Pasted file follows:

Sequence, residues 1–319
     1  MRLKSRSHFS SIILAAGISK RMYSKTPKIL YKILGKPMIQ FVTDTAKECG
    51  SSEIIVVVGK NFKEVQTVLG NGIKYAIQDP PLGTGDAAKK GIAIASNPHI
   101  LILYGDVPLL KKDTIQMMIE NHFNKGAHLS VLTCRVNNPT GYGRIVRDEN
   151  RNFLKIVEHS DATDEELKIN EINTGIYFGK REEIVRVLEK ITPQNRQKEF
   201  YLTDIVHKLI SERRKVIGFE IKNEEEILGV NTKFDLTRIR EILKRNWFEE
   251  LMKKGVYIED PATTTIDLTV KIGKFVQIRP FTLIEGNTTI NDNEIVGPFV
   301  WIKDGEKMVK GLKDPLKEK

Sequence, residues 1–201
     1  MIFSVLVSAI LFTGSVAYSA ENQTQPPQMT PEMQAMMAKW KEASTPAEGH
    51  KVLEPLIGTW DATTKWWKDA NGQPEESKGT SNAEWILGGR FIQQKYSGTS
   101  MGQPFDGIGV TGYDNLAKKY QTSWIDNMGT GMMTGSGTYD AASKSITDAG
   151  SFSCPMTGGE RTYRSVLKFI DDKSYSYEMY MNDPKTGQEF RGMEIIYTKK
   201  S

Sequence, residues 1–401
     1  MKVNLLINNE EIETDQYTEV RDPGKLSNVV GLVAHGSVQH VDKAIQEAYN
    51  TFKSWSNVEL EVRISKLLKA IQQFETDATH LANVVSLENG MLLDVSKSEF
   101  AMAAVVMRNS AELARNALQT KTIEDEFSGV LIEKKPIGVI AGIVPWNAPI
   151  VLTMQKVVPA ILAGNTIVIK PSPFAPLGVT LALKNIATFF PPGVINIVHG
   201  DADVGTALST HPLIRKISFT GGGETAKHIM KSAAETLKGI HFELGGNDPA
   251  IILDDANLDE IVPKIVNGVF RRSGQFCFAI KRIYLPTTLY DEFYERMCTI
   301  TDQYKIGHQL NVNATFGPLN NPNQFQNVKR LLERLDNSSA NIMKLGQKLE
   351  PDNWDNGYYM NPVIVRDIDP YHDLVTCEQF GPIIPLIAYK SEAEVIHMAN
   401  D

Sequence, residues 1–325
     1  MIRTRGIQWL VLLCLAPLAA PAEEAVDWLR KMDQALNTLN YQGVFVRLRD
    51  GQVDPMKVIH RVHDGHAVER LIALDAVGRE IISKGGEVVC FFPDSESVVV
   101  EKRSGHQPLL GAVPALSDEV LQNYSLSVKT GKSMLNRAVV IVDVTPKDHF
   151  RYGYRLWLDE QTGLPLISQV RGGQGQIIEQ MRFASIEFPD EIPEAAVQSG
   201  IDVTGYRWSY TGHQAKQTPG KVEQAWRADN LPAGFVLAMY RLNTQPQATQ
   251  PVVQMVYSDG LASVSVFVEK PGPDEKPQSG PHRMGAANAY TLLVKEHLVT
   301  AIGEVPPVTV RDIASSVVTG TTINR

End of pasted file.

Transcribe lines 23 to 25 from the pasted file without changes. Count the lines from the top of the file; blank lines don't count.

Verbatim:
   351  PDNWDNGYYM NPVIVRDIDP YHDLVTCEQF GPIIPLIAYK SEAEVIHMAN
   401  D

Sequence, residues 1–325